This week we commence the season in the Church’s year known as Lent. As the name suggests, Lent is something of a new springtime, providing the opportunity to recalibrate our priorities and purge our systems of the selfishness and hurt that hinder us being fully open to God’s love. Lent invites us to consider our relationships – our relationship with God (prayer), others (almsgiving), and the self (sacrifice).
Lent is a special time of metanoia – leaving behind an old way of acting in order to embrace new life in Christ. We are encouraged to spend time in prayer, for example praying the Examen, attending Mass, praying at home, visiting a church or chapel, reading the Bible, making the Stations of the Cross, or praying the Rosary. We should help others, for example by showing special attention to someone who is poor, sick, elderly, lonely, or overburdened, or giving to the poor. We should practise self-denial, for example not eating so much food, or giving up entertainment to spend time with the family. Lent invites us to share what we have with those most in need. Project Compassion is the Lenten fundraising appeal of Caritas Australia.
Self-denial helps us find balance, reconciliation, and a better life. Many Muslim people observe Ramadan, which includes fasting from dawn to sunset. The feast of Yom Kippur involves fasting for Jewish people. Fasting may mean having only one full meal on a day. Smaller quantities of food may be eaten at other times. Abstinence is the practice of abstaining from the use of certain kinds of food. Catholics were once known for their practice of abstaining from meat on Fridays. In 1966 guidelines concerning fasting and abstinence were simplified, and other works of service, and of devotion were encouraged. Abstinence from meat, and fasting, are only to be observed on Ash Wednesday and Good Friday by adults. Fasting only applies to people from 18 to 59 years old. Abstinence from meat only applies to those aged over 14 years. The act of fasting encourages us to cleanse the soul from harmful habits. It helps us to be more responsive to the gifts of the Spirit and service of others.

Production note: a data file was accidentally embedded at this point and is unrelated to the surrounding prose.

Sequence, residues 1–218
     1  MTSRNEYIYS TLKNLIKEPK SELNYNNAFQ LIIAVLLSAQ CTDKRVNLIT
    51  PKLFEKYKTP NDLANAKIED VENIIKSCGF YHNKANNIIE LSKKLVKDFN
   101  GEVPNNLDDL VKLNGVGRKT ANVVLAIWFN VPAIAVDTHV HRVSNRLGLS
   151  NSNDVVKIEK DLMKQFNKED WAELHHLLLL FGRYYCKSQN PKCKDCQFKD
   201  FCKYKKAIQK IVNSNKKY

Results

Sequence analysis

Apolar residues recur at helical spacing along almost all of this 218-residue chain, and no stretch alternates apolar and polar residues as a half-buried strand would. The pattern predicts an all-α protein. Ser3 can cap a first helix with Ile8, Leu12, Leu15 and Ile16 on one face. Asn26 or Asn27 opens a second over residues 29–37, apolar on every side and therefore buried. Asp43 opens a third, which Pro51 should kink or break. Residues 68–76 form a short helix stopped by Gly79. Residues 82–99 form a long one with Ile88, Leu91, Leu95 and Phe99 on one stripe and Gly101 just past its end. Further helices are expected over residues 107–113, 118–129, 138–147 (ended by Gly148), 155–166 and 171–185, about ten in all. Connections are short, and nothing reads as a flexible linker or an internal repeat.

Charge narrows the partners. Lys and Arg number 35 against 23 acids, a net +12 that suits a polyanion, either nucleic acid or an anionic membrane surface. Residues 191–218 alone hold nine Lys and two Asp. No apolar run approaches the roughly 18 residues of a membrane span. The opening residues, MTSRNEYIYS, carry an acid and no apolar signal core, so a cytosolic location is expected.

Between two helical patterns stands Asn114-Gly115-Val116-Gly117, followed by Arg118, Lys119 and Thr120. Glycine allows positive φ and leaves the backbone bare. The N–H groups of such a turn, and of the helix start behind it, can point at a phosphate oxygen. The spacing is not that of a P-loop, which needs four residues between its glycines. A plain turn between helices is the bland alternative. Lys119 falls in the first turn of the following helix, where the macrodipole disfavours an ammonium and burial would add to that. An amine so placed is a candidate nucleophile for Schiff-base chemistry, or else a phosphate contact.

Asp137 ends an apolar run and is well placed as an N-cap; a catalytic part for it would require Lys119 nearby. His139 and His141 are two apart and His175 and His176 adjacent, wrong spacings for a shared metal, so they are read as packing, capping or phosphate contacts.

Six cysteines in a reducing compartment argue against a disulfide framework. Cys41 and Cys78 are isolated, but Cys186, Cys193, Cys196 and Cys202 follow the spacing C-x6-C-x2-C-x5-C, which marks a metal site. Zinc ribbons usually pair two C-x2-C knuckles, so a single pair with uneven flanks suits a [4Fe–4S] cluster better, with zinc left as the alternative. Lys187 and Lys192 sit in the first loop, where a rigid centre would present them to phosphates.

Lent can be a time for great self-honesty. Some try to stop gossiping or unkind acts and words. Some limit screen time or addictive patterns of gaming or social media. Some give up superfluities or comfort food or drink to be more in solidarity with those who have little. Where something is out of balance, Ignatius encouraged us to change the pattern of our behaviour and move in the opposite direction – agere contra. For example, if we are wasting time, then we become more industrious and diligent, or we may choose to face, rather than avoid, a fear.
Lent is a good occasion to consider things that we should lament. We lament the sin of greed and the fact that Australians are consuming much more than most people on the planet, and more than what the earth can supply. We lament the heartlessness shown towards the most vulnerable people on our planet – refugees and asylum seekers. We lament failures by leaders to protect people as they should.
Here at St Ignatius’ College Adelaide, the diocese has given us some ashes which are a combination of the Adelaide Hills, South East and Kangaroo Island regions. These have been mixed with our ashes for distribution at our liturgies on Ash Wednesday. They are a good symbol of many things, including a reminder of our lament for those affected by the fires and our solidarity with all who suffer.
By Fr Peter Hosking SJ, Rector of Saint Ignatius’ College, Adelaide.